For thousands of years, Pacific Northwest Indians fished, bartered, socialized, and honored their ancestors at Celilo Falls, part of a nine-mile stretch of the Long Narrows on the Columbia River.
Although the Indian community of Celilo Village survives to this day as Oregon’s oldest endlessly colonised town, with the construction of The Dalles Dam in 1957, traditional uses of the stream were catastrophically interrupted.
Most non-Indians celebrated the new generation of electricity and the easy quality of the stream “highway” created by the dam, but Indians lost a sustaining center to their lives when Celilo Falls was inundated.
Death of Celilo Falls is a story of ordinary lives in extraordinary circumstances, as neighboring communities went through tremendous economic, environmental, and cultural change in a brief period.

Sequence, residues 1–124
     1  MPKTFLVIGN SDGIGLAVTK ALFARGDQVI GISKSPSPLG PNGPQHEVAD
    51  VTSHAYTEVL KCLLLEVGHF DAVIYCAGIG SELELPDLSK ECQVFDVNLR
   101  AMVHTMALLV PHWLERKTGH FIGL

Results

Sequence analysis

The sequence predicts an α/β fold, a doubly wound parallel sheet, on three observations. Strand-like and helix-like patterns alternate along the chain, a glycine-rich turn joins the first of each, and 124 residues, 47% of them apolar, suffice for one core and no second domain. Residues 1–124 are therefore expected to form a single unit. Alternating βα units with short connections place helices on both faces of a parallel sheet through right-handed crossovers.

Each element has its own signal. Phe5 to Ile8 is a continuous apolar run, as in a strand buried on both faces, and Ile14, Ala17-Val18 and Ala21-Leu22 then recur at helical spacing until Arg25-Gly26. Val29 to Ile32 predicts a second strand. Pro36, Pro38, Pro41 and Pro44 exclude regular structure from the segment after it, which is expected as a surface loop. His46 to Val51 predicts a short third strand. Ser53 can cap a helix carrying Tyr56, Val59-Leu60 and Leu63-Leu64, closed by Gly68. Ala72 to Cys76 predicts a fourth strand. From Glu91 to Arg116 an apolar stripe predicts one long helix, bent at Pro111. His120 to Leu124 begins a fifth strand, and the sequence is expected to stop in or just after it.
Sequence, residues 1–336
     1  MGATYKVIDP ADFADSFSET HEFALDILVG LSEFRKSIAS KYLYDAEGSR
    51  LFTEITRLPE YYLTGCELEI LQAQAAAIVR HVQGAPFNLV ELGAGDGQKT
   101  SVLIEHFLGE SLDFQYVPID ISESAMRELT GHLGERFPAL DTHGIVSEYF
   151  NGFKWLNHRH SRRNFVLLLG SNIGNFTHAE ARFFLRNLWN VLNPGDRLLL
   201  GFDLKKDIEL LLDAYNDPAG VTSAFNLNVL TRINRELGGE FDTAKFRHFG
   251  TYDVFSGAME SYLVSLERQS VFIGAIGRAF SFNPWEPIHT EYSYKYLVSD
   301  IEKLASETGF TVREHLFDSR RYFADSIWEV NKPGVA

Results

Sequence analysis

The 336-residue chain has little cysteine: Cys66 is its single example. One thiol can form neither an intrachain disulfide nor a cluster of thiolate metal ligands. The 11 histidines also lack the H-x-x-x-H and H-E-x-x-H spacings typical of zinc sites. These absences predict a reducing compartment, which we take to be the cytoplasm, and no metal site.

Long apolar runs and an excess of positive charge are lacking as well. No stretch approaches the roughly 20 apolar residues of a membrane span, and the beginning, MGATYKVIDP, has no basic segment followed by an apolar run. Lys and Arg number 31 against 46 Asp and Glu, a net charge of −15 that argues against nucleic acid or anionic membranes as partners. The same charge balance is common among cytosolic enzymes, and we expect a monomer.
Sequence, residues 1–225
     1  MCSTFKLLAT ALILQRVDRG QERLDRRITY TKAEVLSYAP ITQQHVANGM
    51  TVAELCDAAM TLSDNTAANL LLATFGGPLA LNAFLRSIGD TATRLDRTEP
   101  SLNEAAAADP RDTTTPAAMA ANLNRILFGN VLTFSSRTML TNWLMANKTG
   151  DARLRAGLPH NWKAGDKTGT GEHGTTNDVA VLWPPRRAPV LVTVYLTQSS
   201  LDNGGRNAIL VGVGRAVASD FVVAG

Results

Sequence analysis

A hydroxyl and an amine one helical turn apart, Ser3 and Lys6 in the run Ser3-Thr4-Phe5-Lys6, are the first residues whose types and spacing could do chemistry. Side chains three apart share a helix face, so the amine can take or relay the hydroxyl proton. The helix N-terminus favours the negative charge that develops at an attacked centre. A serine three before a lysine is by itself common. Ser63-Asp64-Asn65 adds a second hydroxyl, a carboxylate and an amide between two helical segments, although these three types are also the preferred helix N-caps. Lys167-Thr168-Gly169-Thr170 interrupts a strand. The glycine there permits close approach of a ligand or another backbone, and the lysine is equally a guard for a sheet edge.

Katrine Barber examines the negotiations and controversies that took place during the planning and construction of the dam and the professoround imtreaty the project had on some the Indian community of Celilo Village and the non-Indian town of The Dalles, tangled with local concerns that affected the entire American West: treaty rights, federal Indian policy, environmental transformation of streams, and the idea of “progress.”
Geoffrey Bateman of Denver is an associate dean and associate professor at Regis University.
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